In Matthew 20, the chapter prior to today’s text, the mother of disciples James and John comes to Jesus with a request. Basically, “Give my sons glorious positions of power when you come into your Kingdom.” Jesus says no and the other disciples, when they hear about it, are furious. Jesus takes it as a teaching opportunity, “Rulers and kings lord their power over their subjects. But not so with you. Whoever wants to be great should be a servant” (paraphrased, Mt. 20:25-26). Commentary author R.T. France states that, “Not so with you well sums up the theme of this whole section of the gospel; the kingdom of heaven creates an alternative society which challenges conventional values” (1994, p. 930). Jesus’ Kingdom is defined by service, not privilege or power.

Another passage in Matthew 20 reminds me of Francis’ acts of caring for the sick (or rather, I should say that Francis reminds me of Jesus). On the way to Jerusalem (but before the donkey), the crowds are following Jesus and two blind men on the side of the road hear who is coming. The two men cry out, “Lord, have mercy on us, Son of David!” The blind men realize who Jesus is. Yet the crowds shout them down: Jesus doesn’t want anything to do with you, blind beggars on the side of the road, literally on the margins. But Jesus doesn’t look at outward appearances and everyone is worthy of his care, his healing, his grace. The blind men are healed and begin to follow Jesus.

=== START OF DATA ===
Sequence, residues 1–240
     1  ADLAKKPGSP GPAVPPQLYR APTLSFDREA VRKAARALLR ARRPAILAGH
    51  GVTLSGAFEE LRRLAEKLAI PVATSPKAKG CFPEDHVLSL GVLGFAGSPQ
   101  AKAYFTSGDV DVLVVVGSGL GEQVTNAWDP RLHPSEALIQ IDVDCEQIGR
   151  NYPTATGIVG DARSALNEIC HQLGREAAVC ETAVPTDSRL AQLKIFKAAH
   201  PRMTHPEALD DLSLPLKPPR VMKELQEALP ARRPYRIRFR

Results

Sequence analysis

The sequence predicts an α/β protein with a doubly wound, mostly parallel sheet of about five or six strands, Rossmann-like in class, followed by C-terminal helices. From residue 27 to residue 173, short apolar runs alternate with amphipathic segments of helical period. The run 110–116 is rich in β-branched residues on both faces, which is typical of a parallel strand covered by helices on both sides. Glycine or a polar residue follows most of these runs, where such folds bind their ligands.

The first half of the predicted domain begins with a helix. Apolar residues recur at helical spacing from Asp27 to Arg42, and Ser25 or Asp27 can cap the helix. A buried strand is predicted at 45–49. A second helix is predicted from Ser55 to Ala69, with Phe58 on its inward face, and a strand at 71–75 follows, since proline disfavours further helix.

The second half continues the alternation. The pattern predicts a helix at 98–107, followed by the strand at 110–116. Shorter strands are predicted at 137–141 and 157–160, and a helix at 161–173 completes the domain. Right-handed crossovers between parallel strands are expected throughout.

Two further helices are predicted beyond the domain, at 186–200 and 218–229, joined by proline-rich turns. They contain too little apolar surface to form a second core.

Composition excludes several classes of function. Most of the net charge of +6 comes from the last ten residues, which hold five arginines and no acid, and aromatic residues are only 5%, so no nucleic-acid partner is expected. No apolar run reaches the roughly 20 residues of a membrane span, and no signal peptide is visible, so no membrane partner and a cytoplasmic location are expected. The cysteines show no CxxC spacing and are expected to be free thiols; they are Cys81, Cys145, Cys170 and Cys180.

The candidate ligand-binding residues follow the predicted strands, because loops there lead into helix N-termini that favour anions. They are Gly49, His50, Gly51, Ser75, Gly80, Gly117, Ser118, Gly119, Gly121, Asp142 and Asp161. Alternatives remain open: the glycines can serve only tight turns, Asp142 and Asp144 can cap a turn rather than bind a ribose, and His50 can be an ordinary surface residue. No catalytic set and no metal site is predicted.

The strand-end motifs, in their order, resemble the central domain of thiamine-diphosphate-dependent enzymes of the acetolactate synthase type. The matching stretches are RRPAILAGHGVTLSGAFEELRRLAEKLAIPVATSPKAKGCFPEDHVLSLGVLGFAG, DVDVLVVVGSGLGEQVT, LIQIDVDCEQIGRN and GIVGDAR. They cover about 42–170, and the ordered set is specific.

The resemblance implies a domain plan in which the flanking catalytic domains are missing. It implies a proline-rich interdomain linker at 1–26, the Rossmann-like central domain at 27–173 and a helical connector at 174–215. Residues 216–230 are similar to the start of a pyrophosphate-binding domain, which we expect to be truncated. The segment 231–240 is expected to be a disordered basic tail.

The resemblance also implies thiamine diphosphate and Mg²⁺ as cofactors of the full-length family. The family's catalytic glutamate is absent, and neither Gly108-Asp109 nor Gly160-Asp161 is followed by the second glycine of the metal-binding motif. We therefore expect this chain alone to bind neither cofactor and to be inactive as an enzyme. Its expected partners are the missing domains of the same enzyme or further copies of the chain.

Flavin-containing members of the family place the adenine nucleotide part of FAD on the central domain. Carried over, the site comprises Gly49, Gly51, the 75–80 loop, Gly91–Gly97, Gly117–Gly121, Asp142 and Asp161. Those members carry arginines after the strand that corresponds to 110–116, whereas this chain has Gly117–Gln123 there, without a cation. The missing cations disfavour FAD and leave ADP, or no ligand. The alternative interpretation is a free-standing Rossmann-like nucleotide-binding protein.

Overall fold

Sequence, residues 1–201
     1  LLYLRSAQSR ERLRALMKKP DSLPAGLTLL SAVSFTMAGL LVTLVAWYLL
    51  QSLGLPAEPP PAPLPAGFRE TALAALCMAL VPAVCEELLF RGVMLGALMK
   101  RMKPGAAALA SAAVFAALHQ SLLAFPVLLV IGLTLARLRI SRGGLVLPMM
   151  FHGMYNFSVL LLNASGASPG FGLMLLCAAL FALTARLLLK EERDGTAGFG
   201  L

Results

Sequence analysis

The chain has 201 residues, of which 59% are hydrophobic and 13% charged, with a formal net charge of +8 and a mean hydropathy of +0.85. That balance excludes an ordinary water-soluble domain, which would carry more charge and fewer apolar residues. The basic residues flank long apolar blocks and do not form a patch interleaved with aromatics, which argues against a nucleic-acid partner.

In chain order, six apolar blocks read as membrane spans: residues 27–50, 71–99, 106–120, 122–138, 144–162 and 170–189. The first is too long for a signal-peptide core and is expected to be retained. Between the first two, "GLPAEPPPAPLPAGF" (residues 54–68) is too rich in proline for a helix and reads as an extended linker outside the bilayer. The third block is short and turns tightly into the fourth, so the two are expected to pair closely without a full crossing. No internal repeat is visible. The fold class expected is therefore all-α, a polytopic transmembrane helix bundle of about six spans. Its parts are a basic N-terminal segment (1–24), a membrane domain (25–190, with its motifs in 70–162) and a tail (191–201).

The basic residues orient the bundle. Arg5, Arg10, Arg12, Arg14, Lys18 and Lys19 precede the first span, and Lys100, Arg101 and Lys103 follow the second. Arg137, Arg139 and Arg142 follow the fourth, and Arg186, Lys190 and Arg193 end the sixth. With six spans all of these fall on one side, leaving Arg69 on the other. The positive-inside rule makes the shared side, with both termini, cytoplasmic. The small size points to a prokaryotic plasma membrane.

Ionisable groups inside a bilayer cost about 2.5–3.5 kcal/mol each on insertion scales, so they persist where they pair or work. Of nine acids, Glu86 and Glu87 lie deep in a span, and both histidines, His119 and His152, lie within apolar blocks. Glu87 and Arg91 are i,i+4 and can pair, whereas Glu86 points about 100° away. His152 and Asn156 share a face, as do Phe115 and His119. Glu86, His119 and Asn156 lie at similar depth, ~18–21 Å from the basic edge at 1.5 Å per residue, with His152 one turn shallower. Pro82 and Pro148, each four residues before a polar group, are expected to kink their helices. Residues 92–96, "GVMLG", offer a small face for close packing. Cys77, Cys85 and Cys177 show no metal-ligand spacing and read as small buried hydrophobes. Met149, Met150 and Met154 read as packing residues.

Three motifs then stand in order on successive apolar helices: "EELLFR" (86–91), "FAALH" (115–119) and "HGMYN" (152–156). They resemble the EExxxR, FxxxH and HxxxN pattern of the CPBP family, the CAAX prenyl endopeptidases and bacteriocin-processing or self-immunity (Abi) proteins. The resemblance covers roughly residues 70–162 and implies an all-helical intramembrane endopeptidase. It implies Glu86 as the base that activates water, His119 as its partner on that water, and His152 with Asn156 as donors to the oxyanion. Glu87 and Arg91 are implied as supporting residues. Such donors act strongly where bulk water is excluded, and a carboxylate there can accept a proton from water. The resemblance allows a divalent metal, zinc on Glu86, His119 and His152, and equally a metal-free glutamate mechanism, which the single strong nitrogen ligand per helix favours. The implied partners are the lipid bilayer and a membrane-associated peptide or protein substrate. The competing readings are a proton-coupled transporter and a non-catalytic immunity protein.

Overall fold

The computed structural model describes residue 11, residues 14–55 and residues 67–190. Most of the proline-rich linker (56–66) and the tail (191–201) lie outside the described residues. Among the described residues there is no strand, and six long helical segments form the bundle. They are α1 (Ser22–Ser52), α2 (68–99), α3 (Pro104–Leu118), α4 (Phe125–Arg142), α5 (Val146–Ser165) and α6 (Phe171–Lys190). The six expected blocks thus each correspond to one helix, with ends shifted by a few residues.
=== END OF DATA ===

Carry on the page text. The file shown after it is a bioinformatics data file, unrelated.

After the Triumphal Entry into Jerusalem, Jesus heads to the temple. He looks around and sees that the temple area (about 30 acres) was filled with money changers and animals for sale. These commercial activities were crowding out the main purpose of the area—worship, prayer—and were probably exploitative. Jesus clears out the money changers and merchants and, soon after, “the blind and lame” come to him there and he cures them (21:14). Jesus’ acts illustrate that he is a servant king, using his authority to bring justice and grace.